The Mirrored Casket project is a collaborative sculpture I designed and orchestrated with local community artists in St. Louis. Shaped like a closed coffin, the Mirrored Casket is made of mirrors to challenge on-lookers to question, empathize, and reflect on their own roles in remediating the crisis of countless deaths that young men of color experience in the United States at the hands of police and community violence.
Wood, Mirror. 2014
The Mirror Casket is a visual structure, performance, and call to action for justice in the aftermath of the murder of Michael Brown in Ferguson, MO. Created by a team of seven community artists and organizers, the mirrored casket responds to a Ferguson resident’s call for “a work of art that evokes more empathy into this circumstance” following the burning of a Michael Brown memorial on September 23, 2014.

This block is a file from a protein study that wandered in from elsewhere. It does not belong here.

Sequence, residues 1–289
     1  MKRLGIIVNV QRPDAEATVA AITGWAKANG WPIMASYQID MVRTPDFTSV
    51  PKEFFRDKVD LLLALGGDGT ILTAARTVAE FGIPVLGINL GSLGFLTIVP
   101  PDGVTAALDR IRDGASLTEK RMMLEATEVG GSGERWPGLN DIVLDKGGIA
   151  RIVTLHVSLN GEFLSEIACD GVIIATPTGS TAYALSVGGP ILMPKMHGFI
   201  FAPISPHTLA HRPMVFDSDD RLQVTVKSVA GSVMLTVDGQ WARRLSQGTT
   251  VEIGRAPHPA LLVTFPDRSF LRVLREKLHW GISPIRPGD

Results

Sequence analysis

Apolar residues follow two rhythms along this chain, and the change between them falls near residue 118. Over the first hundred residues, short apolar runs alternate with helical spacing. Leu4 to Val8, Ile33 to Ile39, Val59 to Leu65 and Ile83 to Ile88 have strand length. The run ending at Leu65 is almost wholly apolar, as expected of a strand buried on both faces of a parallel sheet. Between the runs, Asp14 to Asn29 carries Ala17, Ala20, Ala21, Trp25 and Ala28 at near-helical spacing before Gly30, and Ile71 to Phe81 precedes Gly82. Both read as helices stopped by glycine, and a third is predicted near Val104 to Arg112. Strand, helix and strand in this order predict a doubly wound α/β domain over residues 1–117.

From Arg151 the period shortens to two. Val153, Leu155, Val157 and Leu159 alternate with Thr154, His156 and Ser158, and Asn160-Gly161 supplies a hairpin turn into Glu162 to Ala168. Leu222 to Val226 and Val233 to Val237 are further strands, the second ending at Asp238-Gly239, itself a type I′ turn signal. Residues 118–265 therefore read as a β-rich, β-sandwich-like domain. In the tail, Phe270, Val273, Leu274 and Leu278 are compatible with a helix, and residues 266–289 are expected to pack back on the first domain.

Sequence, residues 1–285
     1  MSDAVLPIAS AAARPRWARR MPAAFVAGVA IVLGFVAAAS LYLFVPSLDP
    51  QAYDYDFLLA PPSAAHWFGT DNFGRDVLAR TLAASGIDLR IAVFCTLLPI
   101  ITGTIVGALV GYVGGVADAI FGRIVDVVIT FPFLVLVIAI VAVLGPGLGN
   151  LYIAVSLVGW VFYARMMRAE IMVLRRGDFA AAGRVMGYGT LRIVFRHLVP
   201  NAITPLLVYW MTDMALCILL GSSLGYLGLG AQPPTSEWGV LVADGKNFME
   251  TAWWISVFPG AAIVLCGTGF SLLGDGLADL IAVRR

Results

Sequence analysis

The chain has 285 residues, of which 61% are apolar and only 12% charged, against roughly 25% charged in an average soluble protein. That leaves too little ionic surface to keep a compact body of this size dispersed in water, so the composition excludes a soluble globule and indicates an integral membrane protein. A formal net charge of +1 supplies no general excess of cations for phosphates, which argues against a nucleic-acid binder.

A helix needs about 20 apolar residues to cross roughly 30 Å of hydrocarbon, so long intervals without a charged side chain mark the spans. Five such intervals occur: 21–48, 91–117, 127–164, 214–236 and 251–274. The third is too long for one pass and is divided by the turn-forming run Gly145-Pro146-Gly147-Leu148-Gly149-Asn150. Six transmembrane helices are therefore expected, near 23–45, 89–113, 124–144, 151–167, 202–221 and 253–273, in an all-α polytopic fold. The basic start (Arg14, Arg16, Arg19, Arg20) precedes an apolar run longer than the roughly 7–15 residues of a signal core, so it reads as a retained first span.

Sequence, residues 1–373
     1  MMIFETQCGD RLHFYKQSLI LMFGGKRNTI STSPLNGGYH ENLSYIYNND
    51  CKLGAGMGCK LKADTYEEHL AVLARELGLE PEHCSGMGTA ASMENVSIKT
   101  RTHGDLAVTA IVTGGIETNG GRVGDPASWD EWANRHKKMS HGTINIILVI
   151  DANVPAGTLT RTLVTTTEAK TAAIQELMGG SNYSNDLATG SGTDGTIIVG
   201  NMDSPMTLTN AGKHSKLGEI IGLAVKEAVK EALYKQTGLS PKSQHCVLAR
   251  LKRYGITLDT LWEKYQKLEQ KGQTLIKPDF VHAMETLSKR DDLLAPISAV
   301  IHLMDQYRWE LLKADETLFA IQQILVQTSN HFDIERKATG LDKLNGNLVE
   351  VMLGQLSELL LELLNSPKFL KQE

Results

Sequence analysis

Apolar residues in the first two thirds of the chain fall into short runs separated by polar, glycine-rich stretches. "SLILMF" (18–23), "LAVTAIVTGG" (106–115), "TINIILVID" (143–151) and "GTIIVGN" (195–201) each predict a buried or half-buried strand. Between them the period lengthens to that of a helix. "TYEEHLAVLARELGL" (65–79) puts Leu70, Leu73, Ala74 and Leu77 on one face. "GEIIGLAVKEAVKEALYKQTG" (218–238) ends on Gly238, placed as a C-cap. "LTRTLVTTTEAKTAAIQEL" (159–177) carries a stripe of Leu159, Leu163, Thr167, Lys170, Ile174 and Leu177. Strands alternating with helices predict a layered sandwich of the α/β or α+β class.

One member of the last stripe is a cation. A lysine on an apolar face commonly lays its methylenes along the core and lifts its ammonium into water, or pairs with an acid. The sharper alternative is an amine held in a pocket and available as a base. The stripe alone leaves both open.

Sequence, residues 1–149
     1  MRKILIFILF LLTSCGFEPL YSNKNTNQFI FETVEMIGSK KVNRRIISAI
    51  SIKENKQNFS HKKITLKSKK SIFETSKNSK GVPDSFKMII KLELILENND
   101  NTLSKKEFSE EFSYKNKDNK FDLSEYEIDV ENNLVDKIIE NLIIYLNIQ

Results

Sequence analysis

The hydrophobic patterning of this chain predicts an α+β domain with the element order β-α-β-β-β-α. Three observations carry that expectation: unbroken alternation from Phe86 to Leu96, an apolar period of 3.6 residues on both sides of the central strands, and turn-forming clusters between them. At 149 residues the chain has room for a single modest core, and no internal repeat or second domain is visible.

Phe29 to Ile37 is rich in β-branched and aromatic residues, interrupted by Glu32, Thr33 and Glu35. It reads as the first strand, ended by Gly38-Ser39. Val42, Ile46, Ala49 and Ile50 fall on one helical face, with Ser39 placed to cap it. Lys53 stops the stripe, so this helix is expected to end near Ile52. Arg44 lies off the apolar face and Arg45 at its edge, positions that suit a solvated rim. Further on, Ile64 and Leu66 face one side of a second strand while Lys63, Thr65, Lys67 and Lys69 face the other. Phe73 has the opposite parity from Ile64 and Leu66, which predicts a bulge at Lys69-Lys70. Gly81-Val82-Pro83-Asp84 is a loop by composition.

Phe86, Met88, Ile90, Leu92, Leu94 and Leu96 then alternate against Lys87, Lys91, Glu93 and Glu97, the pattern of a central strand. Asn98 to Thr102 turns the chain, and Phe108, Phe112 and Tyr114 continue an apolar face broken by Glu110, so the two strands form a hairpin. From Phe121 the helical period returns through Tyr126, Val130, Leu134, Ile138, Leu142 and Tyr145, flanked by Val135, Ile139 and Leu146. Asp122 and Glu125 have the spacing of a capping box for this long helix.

With an aim to evoke reflection and empathy for the deaths of young people of color who have lost their lives unjustly in the United States and worldwide, the The Mirror Casket was performed as part of a “Funeral Procession of Justice” during the Ferguson October protests. As community members carried it from the site of Michael Brown’s death to the police department of the community, its mirrors challenged viewers to look within and see their reflections as both whole and shattered, as both solution and problem, as both victim and aggressor. The Mirror Casket has since been used throughout related protests and marches.
De Andrea Nichols, Producer
Marcis Curtis, Builder
Sophie Lipman, Logistics Coordinator
Damon Davis, Assistant Builder
Elizabeth Vega, Artivism Lead
Derek Laney, March Lead
Mallory Nezam, March Co-Lead
The Mirror Casket project was collected by the Smithsonian in March 2016 for its National Museum for African American History and Culture.